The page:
Presented by Grace Dent
Produced in Bristol by Polly Weston


MON 11:30 Loose Ends (m0006djm)
[Repeat of broadcast at 18:15 on Saturday]


MON 12:00 News Summary (m0006dkf)
The latest national and international news from BBC Radio 4.


MON 12:04 The Diaries of Adrian Mole (m0006dkn)
The Prostrate Years

Episode 6

The sixth and final instalment of Adrian Mole’s diaries by Sue Townsend, one of our most celebrated comic writers.

It starts in 2007 when Adrian has reached the age of 39. Having fallen into debt, Adrian and his wife Daisy are forced to move into a semi-detached converted pigsty next door to his parents.

Adrian worries that the passion has gone out of his relationship and that his five-year-old daughter Gracie is turning into a tyrant. On top of this, he is having to empty his bladder several times in the night - and getting a doctor’s appointment is far from easy.

In an interview, Sue Townsend once said that The Prostrate Years was her favourite of the Adrian Mole books. Having suffered significant health problems herself, she wanted to write about serious illness while maintaining her inimitable sense of humour.

Reader: Harry McEntire
Abridger: Sara Davies
Producer: Alexa Moore

A Pier production for BBC Radio 4


MON 12:18 You and Yours (m0006dkx)
News and discussion of consumer affairs.


MON 12:57 Weather (m0006dl5)
The latest weather forecast


MON 13:00 World at One (m0006dlf)
Mon-Thurs: Analysis of news and current affairs, presented by Sarah Montague. Fri: Analysis of news and current affairs, presented by Mark Mardell.


MON 13:45 The Disrupters (m0006kkk)
The Cambridge Satchel Company's Julie Deane

Julie Deane started The Cambridge Satchel Company at her kitchen table with £600. Ten years on the company sells 10,000 bags a month. But getting to this point hasn’t been easy. She talks to Kamal and Rohan about having to fire her manufacturer whilst orders piled up and how pressure from venture capitalists nearly brought her company under.


MON 14:00 The Archers (m0006dlp)
[Repeat of broadcast at 19:00 on Sunday]


MON 14:15 Drama (b08r320m)
The 'B' Word

Alistair McGowan writes and stars in a play about the scandalous opening night of George Bernard Shaw's Pygmalion - the first time that the word 'bloody' was used on the British stage. The production also created a passionate love-hate triangle of Shaw (McGowan), his leading man, Sir Herbert Beerbohm Tree (Richard McCabe) and his leading lady, the irrepressible Mrs Patrick Campbell (Charlotte Page), who played the 19 year old Eliza Doolittle at the age of 49.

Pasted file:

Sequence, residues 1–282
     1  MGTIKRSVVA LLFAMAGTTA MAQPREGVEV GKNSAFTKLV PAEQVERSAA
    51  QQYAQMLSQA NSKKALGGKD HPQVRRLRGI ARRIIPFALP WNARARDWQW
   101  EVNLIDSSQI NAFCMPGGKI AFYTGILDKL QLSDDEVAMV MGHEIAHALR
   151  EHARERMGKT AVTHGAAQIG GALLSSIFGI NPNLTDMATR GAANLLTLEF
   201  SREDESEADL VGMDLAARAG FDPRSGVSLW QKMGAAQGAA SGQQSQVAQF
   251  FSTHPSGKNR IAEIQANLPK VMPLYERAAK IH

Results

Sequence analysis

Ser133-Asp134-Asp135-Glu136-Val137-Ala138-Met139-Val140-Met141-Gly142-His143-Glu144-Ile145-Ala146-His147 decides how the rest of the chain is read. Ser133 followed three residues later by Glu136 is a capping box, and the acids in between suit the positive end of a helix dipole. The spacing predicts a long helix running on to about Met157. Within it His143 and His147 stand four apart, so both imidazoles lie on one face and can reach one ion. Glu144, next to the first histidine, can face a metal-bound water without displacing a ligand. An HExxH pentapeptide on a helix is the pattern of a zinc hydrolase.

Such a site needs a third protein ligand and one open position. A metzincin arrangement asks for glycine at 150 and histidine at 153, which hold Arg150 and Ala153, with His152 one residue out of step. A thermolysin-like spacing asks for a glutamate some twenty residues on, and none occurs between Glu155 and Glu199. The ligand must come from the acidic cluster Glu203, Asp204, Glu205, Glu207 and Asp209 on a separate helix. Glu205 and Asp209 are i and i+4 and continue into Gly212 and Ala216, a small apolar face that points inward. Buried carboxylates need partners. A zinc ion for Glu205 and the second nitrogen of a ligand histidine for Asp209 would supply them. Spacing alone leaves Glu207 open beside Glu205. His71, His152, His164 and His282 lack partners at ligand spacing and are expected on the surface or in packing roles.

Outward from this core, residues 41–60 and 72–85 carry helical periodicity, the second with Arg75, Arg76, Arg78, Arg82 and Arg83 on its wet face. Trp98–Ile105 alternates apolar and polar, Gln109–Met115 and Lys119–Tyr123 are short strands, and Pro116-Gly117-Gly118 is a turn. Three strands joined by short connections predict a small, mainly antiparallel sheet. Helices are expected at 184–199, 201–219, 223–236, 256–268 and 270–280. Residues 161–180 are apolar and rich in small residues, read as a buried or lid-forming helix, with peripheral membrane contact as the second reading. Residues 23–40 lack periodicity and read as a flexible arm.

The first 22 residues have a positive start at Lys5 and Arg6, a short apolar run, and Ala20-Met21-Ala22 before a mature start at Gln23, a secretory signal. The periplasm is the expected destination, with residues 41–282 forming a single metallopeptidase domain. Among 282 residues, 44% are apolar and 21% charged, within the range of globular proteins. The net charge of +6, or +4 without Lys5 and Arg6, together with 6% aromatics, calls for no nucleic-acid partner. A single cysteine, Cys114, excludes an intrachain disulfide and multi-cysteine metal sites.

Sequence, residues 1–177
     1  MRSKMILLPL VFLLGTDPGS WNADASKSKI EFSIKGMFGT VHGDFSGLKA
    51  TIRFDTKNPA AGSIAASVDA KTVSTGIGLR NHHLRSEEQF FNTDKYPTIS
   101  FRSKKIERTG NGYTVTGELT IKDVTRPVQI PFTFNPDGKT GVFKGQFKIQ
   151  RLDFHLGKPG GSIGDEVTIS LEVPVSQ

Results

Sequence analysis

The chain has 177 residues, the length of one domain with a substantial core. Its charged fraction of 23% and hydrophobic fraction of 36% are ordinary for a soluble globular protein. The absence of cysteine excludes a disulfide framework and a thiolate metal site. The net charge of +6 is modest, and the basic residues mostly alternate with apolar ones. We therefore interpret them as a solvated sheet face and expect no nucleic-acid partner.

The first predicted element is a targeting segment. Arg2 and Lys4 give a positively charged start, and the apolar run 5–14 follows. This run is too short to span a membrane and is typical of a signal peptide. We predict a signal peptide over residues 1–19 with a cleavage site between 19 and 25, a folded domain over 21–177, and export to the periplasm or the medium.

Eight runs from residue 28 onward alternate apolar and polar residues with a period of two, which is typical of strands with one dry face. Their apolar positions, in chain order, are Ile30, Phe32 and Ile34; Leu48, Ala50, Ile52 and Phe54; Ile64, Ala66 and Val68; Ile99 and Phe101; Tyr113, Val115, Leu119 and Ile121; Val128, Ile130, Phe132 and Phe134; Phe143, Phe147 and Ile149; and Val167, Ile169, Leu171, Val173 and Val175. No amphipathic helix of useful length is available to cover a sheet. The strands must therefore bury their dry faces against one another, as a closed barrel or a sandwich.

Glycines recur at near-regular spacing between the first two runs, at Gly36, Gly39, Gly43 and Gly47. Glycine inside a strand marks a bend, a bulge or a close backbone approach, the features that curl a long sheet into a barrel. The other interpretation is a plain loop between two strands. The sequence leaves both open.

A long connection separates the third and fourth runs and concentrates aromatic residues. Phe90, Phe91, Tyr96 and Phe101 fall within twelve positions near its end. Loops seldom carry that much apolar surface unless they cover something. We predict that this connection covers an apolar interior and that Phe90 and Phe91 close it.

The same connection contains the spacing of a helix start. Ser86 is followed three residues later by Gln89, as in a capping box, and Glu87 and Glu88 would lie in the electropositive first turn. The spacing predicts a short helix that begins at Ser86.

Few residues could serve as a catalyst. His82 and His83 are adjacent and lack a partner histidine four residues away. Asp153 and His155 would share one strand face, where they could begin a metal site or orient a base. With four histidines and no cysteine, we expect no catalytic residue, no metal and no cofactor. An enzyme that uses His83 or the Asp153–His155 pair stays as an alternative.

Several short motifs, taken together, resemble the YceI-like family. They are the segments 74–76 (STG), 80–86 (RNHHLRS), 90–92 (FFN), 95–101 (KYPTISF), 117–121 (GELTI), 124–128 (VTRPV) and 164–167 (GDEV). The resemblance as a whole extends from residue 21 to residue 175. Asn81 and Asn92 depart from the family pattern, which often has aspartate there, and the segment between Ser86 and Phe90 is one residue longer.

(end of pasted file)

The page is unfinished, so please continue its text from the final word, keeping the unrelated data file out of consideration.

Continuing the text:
Directed by Emma Harding.


MON 15:00 Brain of Britain (m0006dly)
Semi-Final 3, 2019

(15/17)
Which infectious disease first described in 1975 is named after a place in Connecticut? Which piece of music by Maurice Ravel was originally commissioned by the Russian dancer Ida Rubenstein? What species of whale is Moby-Dick?

These and other general knowledge challenges face the semi-finalists in today's competition, with the third of the four places in the 2019 Brain of Britain Final at stake. The competitors have all either won their respective heats, or scored more points as runners-up than the winners of other contests. They are:

Simon Dennis, a resting academic from London
Colin Foster, a chartered accountant from Warrington
Richard Lawrence, a patent attorney from Tormarton in South Gloucestershire
David Stainer, a tax advisor from Hertford.

Russell Davies is in the chair, and also has some question suggestions to put to the Brains from a listener - for which the listener will win a prize if the competitors can't get them right.

Producer: Paul Bajoria


MON 15:30 The Food Programme (m0006dm5)
[Repeat of broadcast at 12:32 on Sunday]


MON 16:00 Shakespeare's Starling (m0006dmc)
How did Shakespeare's single starling take down a passenger plane and wreak environmental havoc across America?

There are hundreds of references to birds in Shakespeare's work, some many times over. But the starling is only mentioned once - in Henry IV Part 1 - and yet this speckled bird is now one of the most hated birds in the US. Multi award-winning radio producer Zoë Comyns explores how one man's Shakespeare-inspired folly continues to have a dire ecological impact more than a century later.

Eugene Schieffelin - Bronx resident, drug manufacturer and theatre aficionado - was a member of a group called the American Acclimatization Society. This society wanted to introduce European species into the United States. In March 1890, Schieffelin did just that - releasing sixty starlings in New York's Central Park. A year later he released forty more.

From those releases there are now almost 200 million starlings in North America today and they are causing devastation to indigenous habitats and farmers' crops. In 1962, a flock got caught in a plane's engine, bringing it down and killing 62 people, and every year almost $1 billion of crop damage is done by this invasive species.